Editing is not an exact science. When I edit, I always feel as if I am straddling an invisible line that I’ve made for myself between what is “better” and what a writer actually intends. Being a writer myself, I have plenty of opinions about what makes good writing. But editing, whether as a dramaturg for a theater company or for clickbait website like buzzfeed, requires that you find a balance between the two. It isn’t your writing, after all.
For this project, finding that line has been especially difficult, since for confidentiality reasons I wasn’t allowed to see the initial transcribed interviews. Every script that I worked on Stephanie had already taken from the source material (transcribed interviews), and rearranged into a manageable form. I took that form and polished. I had to deal with three realities; my own artistic sensibilities, Stephanie’s intent for the pieces themselves, and the reality of the stories that we had been told. Keeping faithful to all of them has not been an easy business.
Being the projects’ assistant director has probably helped most toward that end. The wonderful thing about theatre is that you can see and hear the text as it’s delivered to you in rehearsal. If you’ve made a wrong choice, or if a phrase is awkwardly worded, that is immediately apparent when spoken. Many times, I’ve deferred to the actors’ opinions on the text. To me this only makes sense. An actor feels the text. They know it from the perspective of the person speaking it. I can come close, but I can never quite manage that insight.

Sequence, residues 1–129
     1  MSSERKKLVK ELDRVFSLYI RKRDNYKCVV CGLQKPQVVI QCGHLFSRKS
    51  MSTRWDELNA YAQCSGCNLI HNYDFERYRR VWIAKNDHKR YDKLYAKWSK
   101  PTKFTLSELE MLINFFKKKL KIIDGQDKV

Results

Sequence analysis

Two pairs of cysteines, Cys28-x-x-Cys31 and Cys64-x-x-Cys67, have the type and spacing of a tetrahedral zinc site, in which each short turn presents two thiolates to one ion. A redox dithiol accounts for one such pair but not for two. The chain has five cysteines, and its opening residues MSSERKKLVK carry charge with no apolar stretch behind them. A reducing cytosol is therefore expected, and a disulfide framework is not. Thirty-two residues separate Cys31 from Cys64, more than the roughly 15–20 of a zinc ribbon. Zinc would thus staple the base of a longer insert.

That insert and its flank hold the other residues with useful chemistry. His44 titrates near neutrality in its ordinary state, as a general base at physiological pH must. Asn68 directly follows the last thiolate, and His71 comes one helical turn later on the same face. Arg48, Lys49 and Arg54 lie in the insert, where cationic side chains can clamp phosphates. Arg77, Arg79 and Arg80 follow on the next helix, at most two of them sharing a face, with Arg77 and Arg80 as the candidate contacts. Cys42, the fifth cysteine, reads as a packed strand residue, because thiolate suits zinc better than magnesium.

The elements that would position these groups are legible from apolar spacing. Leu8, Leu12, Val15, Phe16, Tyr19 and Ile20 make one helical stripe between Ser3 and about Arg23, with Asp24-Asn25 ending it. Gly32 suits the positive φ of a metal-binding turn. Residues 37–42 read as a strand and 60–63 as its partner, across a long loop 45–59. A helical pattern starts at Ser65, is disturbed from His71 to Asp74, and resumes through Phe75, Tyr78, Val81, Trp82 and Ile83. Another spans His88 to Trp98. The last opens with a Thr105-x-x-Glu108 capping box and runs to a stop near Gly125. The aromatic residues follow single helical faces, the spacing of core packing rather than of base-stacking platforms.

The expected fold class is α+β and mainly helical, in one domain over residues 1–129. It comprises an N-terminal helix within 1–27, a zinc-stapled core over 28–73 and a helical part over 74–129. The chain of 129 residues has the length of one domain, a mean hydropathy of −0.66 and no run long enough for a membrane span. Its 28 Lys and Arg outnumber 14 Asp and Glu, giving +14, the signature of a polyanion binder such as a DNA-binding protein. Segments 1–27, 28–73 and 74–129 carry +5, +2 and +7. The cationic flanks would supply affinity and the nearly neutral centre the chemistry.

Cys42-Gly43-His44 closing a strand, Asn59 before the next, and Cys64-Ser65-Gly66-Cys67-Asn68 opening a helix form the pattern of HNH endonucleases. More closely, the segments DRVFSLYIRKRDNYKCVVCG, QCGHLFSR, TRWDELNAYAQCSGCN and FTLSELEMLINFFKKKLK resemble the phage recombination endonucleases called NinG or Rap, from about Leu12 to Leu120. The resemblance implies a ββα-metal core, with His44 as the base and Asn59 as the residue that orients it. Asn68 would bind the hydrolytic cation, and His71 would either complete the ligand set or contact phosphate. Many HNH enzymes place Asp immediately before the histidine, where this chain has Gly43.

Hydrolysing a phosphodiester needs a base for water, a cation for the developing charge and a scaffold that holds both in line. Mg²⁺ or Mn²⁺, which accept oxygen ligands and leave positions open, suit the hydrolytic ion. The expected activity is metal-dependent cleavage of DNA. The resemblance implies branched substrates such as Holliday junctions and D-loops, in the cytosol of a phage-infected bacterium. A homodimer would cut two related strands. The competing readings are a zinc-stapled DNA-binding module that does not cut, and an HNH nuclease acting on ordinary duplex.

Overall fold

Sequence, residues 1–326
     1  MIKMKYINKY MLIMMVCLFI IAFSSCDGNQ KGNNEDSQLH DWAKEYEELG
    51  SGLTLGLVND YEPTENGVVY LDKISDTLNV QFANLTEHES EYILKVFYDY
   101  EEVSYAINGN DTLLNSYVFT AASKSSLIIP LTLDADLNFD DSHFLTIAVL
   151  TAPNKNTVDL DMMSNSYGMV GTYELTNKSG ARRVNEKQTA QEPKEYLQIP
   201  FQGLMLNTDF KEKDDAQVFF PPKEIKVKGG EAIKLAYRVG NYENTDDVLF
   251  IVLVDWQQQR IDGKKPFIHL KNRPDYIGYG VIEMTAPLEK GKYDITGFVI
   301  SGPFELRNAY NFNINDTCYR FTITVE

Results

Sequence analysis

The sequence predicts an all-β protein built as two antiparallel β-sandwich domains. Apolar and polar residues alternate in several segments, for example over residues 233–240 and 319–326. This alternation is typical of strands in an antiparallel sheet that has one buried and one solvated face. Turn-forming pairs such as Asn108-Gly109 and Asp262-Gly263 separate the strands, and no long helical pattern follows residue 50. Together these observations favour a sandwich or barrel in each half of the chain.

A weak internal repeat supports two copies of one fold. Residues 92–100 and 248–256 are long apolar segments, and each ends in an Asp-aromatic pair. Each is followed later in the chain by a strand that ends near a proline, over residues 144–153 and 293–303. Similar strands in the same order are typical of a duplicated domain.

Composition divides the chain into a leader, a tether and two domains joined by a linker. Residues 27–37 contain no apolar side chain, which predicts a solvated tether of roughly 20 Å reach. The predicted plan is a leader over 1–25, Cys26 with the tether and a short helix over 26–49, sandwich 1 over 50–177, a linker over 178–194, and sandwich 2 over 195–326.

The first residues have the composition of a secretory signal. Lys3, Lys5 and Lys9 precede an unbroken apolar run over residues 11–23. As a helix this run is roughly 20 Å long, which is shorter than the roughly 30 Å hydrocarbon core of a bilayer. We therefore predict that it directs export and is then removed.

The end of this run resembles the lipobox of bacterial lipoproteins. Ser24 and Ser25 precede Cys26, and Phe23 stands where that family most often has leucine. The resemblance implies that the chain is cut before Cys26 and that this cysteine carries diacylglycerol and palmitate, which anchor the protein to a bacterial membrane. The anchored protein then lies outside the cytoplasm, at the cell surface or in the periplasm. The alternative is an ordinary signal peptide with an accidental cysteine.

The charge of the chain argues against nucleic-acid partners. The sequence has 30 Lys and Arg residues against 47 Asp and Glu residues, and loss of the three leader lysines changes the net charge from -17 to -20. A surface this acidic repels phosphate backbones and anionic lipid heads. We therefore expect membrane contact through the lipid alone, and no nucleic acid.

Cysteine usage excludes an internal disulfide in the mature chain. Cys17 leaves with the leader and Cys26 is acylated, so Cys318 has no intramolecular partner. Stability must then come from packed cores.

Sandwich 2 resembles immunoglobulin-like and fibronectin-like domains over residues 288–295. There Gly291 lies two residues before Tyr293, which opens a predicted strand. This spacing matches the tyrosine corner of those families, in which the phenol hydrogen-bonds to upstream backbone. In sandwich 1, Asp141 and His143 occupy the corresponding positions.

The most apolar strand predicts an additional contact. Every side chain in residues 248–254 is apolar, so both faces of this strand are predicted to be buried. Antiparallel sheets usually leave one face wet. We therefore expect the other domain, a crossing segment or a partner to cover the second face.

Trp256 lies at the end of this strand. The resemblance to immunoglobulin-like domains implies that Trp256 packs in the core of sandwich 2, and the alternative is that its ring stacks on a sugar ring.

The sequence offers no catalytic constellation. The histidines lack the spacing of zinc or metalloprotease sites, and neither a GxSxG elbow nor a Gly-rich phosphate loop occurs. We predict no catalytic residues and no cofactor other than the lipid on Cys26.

The result of all of this cutting and pasting, balancing and rearranging that we’ve had to do is that these monologues belong to no one. I think this is a good thing. A piece of art can be whatever it wants to be, but what I’ve told Stephanie from the beginning is that this piece is not just ours. It’s not mine, or the actresses involved, or even the women who allowed us to use their words.